Event Marketing Part VI Event Week
This is the sixth in a multi-part series on using events as an avenue for marketing your brand, product, or industry. For part one in the series, start here.
The week has arrived. By this time next week, you’ll be sitting in a lounge chair recounting the connections made, keynotes were given, and swag distributed. But first, you still have work to do. While much of the event is out of your control at this point, there is still plenty of opportunities to stir up last-minute buzz, clarify conversations with event staff, and double-check your schedules. Here’s what to do when Event Week arrives.
Packing the House in the Final Days
Unless you have an absolute maximum occupancy from your venue, there’s always room for one more participant. And that means there’s still time to get the word out. Even though your first attendees may have signed up months—or even a year—ago, some with a genuine interest in your event may only commit as the days draw nearer. Consider this: the most inspiring conversation, most interesting cocktail party guest, and most enthusiastic word-of-mouth advertiser for next year’s event may not be on the guest list yet. And they may not have even heard of it. Time to change that.
The Last Chance E-Blast
Now is the time to hit your email list with one last opportunity to sign up. Think of it as your closing argument. Why should a recipient change their plans for next week? How might their career change as a result? You might want to include a countdown clock, a discount offer that diminishes gradually with each passing minute, or another way of communicating that time is of the essence. While early bird discounts are certainly more popular than late signup discounts, remember this: each empty spot at your event earns $0 in revenue; if capacity remains, it may pay to drop your price.
The Attendee Email
That schedule your team has been working so tirelessly to assemble? It’s finally time for the big reveal. Around this time, attendees will be expecting a final email complete with event sessions, meal information, and registration details. But one ingredient is not to be forgotten: hype! Get your guests in the spirit with a video from you and/or your sponsors, keynote speaker, or fellow attendees. Discuss what you have planned, and specific sessions or aspects you’re looking forward to. It may also be helpful to include safety information in this email. Even if recipients don’t read it at the moment, having a set place to refer back to in case of emergency will put everyone at ease. Think that all sounds like material better suited for registration? That’s right, too. Include the materials again, this time in print, at the time of registration. A little redundancy never hurts. Plus, doing so will eliminate questions from the ultra-prepared guests on your list.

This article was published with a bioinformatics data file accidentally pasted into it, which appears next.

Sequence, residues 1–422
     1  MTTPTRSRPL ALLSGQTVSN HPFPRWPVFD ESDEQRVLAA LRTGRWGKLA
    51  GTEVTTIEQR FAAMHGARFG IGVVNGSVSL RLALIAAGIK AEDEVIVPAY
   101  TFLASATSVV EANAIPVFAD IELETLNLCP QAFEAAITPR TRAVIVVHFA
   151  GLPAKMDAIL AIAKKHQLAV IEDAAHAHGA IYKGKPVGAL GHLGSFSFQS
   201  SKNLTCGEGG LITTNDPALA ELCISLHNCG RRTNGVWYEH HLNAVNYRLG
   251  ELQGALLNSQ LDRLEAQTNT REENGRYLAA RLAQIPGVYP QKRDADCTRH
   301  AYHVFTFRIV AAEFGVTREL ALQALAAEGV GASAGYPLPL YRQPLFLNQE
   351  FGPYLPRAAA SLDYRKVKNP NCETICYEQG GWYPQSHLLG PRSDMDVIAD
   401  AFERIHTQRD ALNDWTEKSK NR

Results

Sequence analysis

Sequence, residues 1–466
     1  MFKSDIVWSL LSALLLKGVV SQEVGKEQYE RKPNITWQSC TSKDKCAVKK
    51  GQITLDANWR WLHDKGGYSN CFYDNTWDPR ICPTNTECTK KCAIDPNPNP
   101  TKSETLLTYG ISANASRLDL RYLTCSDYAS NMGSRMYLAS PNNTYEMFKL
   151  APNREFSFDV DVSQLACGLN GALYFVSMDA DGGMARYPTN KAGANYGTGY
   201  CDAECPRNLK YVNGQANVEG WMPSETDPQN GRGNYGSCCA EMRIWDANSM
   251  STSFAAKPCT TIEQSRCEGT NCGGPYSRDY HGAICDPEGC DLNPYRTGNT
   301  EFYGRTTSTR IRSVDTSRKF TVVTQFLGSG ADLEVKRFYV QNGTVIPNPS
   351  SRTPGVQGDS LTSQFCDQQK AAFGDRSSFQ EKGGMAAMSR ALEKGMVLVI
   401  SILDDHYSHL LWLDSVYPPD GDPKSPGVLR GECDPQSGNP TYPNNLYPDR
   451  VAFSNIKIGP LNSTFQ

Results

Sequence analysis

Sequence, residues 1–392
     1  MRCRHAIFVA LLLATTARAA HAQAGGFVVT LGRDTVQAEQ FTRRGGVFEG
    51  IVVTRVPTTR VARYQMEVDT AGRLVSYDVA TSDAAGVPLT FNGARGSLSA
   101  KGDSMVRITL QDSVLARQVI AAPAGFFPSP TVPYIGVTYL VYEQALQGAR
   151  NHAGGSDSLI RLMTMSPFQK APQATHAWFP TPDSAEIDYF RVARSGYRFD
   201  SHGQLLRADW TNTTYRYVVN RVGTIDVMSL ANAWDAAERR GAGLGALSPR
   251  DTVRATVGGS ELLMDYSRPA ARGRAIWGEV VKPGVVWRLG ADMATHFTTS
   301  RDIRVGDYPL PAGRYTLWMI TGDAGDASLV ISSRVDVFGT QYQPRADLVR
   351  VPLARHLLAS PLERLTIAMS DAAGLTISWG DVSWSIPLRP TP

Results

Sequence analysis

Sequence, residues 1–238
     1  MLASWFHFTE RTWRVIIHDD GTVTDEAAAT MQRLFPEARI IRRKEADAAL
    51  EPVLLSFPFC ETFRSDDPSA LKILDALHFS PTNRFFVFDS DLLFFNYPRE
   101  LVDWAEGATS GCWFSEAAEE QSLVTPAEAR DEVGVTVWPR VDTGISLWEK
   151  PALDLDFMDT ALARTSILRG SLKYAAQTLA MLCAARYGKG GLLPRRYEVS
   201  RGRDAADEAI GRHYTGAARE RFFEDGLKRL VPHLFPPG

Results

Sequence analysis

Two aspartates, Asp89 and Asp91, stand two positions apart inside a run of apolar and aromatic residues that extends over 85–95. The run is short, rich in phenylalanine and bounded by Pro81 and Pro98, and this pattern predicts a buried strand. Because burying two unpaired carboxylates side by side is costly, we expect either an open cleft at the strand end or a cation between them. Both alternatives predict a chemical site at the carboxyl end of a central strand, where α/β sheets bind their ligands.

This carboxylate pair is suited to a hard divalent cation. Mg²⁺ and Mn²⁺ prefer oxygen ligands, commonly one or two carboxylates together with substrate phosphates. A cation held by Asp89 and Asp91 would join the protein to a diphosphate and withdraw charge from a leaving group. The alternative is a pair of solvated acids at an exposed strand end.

Crossing T’s and Dotting I’s
Event week is not the time to be adding elements to your schedule, coming up with new ideas for activities, or adding sponsors to your docket. Instead, this is when you should go back through everything you’ve already planned and combed it for errors, overlap, and loose ends.
Sifting through the Schedule
Go through your entire schedule with your team, making sure everyone knows their roles and assignments for every hour of every day. Who is manning the registration table? Who will be available to answer guests’ questions? Who will welcome the speakers? And who will be in charge of putting out the inevitable fire? Put names and roles down on paper, circulate the document via email, and make sure everyone has each other’s’ phone numbers in case of a last-minute question or poorly timed stomach bug.